NB It is a long steep walk from the carpark to the gardens, with ice cream for sale in the middle. There’s a very large cafe and loads of plants for sale.

King Alfred’s tower is not far away. A good climb – good for the thighs – to a great view from the top.

Countryside landscape view of Wiltshire, places to visit

UK,
00no comment

Other posts you may like:

3 Days in Oxford – Day 3. The story of the photographs
November 9, 2016
We’ve now come to my last day in Oxford and after breakfast, I sadly checked out of the hotel and drove to the park and ride. I bussed into the city where I was dropped off near the bottom of St Aldates and began walking all the way up to a lovely clothes shop called Olivia May on Little Clarendon Street where it snowed heavily for about half an hour. Then on route to the Natural History Museum, the sun came out and it was so hot, I took my coat off (bloody British weather). Of course, I took lots of photos on the way……
Mumsnet Blogfest review – an account of a nervous first-timer
November 16, 2016
I would have been altogether a lot less nervous about my first blogging event had I not signed up for Dragons’ Pen. They called it a Dragons’ Den style opportunity to pitch your book to an editor, and as places filled up extremely quickly, I was lucky to spot the e-mail in time to get a place with Sam Eades, senior commissioning editor of Trapeze, a new Orion imprint. I’ll be honest, I would have been a lot happier and relaxed that day if I hadn’t booked a place, but I’d also be kicking myself forevermore if I didn’t take a (very very) deep breath and go for it. I’d also for the rest of my life be wondering if I’d missed my chance to wow an editor in person. Would she snap up my work the second she heard it? Would she whip out a three book deal contract for me to sign?…..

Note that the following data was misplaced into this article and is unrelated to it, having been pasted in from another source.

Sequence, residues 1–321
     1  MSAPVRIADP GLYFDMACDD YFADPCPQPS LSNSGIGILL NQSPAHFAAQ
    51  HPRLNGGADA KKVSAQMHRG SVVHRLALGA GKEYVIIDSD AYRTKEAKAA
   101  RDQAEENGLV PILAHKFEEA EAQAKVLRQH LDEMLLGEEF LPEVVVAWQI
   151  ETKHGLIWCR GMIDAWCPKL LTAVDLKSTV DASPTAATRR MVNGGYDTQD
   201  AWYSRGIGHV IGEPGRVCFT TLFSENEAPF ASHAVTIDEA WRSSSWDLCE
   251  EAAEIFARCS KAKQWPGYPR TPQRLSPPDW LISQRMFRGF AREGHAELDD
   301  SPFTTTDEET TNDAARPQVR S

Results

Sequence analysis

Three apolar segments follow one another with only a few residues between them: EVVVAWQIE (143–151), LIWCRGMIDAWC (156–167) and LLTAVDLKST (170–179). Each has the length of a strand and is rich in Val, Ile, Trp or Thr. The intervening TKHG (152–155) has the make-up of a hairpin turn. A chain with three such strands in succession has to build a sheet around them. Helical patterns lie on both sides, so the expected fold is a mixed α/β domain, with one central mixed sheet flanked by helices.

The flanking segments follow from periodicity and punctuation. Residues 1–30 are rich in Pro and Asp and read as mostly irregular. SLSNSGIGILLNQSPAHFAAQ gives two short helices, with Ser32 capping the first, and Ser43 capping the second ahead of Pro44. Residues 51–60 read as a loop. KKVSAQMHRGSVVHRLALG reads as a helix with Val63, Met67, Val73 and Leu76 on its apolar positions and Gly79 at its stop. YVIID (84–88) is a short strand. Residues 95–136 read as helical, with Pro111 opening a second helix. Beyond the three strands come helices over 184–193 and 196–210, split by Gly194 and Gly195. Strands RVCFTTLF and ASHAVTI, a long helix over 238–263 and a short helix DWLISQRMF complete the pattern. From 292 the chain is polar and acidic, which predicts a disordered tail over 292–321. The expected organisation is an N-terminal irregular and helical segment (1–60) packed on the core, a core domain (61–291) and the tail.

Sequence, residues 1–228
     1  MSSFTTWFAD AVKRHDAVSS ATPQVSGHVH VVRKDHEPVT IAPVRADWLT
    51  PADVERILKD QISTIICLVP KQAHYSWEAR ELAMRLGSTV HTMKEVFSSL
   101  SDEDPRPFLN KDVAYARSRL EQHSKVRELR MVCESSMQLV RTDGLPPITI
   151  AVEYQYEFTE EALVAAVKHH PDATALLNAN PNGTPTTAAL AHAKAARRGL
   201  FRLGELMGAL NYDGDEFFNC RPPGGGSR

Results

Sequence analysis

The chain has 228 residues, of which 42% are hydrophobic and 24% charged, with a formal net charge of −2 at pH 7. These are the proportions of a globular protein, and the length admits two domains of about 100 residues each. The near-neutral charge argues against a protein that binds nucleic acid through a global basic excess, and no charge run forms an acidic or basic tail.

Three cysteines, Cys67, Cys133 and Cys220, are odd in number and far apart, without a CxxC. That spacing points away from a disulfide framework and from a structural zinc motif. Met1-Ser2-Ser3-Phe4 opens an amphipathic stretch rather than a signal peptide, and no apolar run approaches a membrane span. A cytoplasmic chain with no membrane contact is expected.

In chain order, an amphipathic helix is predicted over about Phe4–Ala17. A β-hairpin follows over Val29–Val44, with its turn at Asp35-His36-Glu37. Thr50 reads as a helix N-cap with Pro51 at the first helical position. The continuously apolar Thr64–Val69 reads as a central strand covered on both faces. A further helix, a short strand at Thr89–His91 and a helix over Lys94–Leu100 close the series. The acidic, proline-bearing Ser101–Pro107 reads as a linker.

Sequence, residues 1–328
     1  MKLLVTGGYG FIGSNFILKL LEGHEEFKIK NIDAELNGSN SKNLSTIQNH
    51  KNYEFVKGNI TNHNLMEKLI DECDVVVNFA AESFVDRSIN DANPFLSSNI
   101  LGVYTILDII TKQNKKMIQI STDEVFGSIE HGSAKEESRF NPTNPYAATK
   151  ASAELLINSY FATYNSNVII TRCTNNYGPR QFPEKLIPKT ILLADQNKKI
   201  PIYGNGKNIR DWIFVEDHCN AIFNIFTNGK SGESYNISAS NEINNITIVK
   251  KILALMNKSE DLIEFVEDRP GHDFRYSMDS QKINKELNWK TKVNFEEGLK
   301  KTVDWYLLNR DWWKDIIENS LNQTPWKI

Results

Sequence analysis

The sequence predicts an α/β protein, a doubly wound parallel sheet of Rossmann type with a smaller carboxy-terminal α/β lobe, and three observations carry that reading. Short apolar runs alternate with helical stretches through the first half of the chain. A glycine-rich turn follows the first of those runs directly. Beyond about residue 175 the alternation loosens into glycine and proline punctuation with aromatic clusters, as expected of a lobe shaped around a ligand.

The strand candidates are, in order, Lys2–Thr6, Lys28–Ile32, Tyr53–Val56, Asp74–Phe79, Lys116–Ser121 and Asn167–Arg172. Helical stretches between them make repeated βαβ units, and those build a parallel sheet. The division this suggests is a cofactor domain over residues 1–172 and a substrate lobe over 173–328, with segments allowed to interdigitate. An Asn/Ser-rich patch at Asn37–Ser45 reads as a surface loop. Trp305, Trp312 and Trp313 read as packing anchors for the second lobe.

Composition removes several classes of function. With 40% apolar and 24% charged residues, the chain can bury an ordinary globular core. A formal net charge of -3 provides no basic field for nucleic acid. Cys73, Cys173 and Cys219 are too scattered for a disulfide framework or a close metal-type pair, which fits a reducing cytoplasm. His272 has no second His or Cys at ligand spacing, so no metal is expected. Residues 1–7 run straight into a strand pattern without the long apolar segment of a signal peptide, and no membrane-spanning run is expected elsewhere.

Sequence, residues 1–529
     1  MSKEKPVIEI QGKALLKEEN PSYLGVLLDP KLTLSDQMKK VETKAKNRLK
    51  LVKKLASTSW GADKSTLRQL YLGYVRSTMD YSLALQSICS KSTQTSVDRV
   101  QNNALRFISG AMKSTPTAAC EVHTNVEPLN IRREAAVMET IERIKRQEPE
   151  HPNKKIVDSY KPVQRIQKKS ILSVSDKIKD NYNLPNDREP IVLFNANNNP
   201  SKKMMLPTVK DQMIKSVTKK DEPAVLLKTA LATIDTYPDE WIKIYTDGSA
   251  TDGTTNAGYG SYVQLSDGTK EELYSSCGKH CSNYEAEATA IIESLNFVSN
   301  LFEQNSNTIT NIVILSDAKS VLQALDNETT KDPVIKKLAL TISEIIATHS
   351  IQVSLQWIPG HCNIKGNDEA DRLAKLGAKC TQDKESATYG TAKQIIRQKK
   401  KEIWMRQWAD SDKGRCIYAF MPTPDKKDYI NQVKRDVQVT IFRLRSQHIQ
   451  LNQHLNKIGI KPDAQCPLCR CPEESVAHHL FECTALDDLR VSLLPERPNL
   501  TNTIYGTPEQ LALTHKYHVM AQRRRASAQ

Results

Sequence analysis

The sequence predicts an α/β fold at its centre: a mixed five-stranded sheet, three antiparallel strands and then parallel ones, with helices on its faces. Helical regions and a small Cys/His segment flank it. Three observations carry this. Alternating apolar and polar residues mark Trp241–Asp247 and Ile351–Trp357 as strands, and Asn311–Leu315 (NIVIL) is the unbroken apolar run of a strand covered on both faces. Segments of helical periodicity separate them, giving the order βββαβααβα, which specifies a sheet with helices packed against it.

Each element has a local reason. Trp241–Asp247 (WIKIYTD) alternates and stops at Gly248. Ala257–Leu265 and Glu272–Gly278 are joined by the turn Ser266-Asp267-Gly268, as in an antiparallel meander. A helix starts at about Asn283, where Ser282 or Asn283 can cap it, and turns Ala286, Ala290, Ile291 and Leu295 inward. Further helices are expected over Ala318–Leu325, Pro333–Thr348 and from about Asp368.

summer solstice sunrise at stonehenge
Summer Solstice at Stonehenge + 7 things you need to know for next time
July 4, 2018
Summer Solstice at Stonehenge is something I’ve been wanting to do for years and years. There’s one fundamental problem though: Glastonbury Festival comes right afterwards! And you’re tired enough at Glastonbury without the added exhaustion of being awake through the night before. I’ve never been one of those people (no matter what age) who could just stay up all night and not feel it for the following week! However, this was a fallow year for Glastonbury Festival so we decided to finally do it!…..
Walking round Glastonbury Festival site
A walk around the Glastonbury Festival site – the story of the photographs
April 12, 2017
Considering Glastonbury Festival is a hop skip and a jump away from us in Pilton, I’m surprised we don’t go for a wander around the site more often. I’m guessing it’s the long uphill walk back to the villagers’ gate that puts us off! Anyway, on Mothering Sunday the rest of the family didn’t really have a choice in the matter, and as it was a bright sunshiny day, I thought I’d drag them off on a walk….

Leave a Reply

This site uses Akismet to reduce spam. Learn how your comment data is processed.